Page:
A community established by the milling industry in the late 1700s and steeped with history, downtown Ellicott City, located between Baltimore, MD and Washington DC, is a destination that draws people in with its picturesque boutiques, restaurants, culture, and charming, old-town feel. However, Ellicott City has been devastated by significant flooding in recent years. McCormick Taylor partnered with Howard County to conduct a Flood Impact Study for the city to mitigate the impacts of future flooding and build a more resilient community.
On July 30, 2016 and then again on May 27, 2018, heavy storm events caused catastrophic flooding along the Main Street and surrounding areas in Ellicott City. The destruction sustained during these two events resulted in loss of life and severely impacted the city’s infrastructure, washing away roadways and damaging streets, sidewalks, and buildings.
Located at the confluence of three tributary streams—the Hudson Branch, Tiber Branch, and New Cut Branch—and flanked by the Patapsco River, Ellicott City is surrounded by waterways. Couple this with the fact that the city is built on top of the stream and its natural floodplain, along with the changing probabilities associated with intense precipitation events, Ellicott City presents tremendous challenges for meaningful flood mitigation.
HOW WE HELPED
McCormick Taylor conducted this three-phased study with Howard County, keeping people’s safety, the preservation of the city’s natural environment and historic character, and community engagement at the forefront. As part of the initial phase Flood Study following a 2011 storm event, McCormick Taylor created a detailed hydraulic model of the flood flows through the Hudson Branch of the Tiber River encountered along Main Street. Creation of the hydraulic floodplain model along Main Street from Rogers Avenue to the confluence with the Tiber River included the use of one-dimensional (HEC-RAS v.4.1) and two-dimensional (TUFLOW) models to accurately represent the complex flow through the terrain and structures present within the floodplain. The hydraulic model was then used to examine the effect of proposed conceptual improvements on flooding conditions.
The second phase of the Flood Study following the 2016 event broadened the limits of the TUFLOW model from US 29 upstream, to the Patapsco River downstream, synthesized the effects from that event as a baseline for improvement, and greatly expanded the scope of conceptual mitigation strategies. It also included hydrology for all Tiber tributaries upstream of the Patapsco (Hudson, Tiber, Autumn Hill, and New Cut Branches) and hydraulics for a portion of those tributaries in the Main Street corridor.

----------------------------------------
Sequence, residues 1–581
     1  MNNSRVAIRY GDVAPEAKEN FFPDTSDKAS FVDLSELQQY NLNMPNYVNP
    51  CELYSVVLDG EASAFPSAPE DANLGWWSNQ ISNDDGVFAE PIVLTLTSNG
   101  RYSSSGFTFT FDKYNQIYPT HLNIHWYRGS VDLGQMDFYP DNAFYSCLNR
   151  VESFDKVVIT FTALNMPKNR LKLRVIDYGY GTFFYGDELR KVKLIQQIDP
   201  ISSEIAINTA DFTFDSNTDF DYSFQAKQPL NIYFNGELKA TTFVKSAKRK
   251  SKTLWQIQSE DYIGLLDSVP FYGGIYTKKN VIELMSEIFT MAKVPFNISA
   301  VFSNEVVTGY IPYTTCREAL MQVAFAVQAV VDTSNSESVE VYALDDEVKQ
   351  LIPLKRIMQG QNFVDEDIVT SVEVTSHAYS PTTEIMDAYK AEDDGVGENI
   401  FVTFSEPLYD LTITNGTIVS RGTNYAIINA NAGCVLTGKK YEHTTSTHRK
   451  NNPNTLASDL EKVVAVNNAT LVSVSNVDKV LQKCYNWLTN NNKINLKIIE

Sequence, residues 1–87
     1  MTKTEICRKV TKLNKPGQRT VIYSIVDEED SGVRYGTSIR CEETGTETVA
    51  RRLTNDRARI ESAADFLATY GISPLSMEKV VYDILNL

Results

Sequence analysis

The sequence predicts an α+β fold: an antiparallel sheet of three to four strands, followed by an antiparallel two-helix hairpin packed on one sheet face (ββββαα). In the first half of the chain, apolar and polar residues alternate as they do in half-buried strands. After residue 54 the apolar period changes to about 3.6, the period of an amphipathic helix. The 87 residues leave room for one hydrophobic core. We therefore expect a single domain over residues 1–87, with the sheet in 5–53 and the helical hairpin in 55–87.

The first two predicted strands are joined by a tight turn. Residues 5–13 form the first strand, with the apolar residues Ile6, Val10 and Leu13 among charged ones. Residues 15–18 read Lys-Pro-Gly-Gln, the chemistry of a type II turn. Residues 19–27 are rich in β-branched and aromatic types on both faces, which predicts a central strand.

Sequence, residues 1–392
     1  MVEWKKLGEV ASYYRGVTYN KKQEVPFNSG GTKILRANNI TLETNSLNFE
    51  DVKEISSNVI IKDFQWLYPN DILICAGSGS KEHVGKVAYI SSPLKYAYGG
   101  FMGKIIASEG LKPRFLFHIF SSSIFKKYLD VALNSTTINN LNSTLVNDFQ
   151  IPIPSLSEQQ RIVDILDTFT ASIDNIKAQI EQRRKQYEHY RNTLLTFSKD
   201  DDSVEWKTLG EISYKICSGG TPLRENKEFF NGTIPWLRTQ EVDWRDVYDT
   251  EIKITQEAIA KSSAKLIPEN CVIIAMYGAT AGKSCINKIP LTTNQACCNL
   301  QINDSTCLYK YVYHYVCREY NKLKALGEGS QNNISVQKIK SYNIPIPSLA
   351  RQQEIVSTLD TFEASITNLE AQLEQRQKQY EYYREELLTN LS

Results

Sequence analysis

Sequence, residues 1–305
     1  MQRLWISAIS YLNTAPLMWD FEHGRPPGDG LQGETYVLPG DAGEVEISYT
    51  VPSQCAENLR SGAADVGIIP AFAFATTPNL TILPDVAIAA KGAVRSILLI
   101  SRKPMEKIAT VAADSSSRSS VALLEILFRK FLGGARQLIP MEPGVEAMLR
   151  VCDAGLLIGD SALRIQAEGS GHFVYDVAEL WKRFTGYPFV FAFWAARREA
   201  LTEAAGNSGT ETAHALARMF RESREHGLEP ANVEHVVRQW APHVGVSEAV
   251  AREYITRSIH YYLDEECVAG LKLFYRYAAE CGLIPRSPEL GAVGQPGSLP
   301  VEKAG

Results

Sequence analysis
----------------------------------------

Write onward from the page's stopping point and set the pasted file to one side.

The most recent phase of work that followed the 2018 event reflected the desire to consider additional impacts to the community in exchange for a more immediate impact on flood mitigation. This work included several dozen iterations of combined mitigation strategies using the previously developed model as a tool for selection of the current suite of proposed capital improvements by Howard County.
McCormick Taylor provided additional support for this initiative through:
- Calibration of models based on anecdotal storm evidence of high water elevations
- Development of multiple alternatives for storage of flood flows and conveyance improvements to reduce flooding of the Main Street corridor
- Analysis of the developed alternatives in the base hydraulic model
- Preparation of detailed reports outlining mitigation strategy results
- Presentation of results to the community at public meetings
- Preparation of public involvement materials and presentations and solicitation of feedback for further study
Though flooding may always remain a threat in some form to a community built on the confluence of three tributaries to a major river, McCormick Taylor’s development of baseline models and conceptual improvements provided Howard County with a cost/benefit/impact analysis tool to select projects that will effectively reduce the frequency and severity of impacts to the downtown area during heavy storm events. Howard County now has a short-term Flood Mitigation Plan in place to address future flooding, as well as a means to examine improvements and future development to inform long-range planning efforts as part of its Master Plan.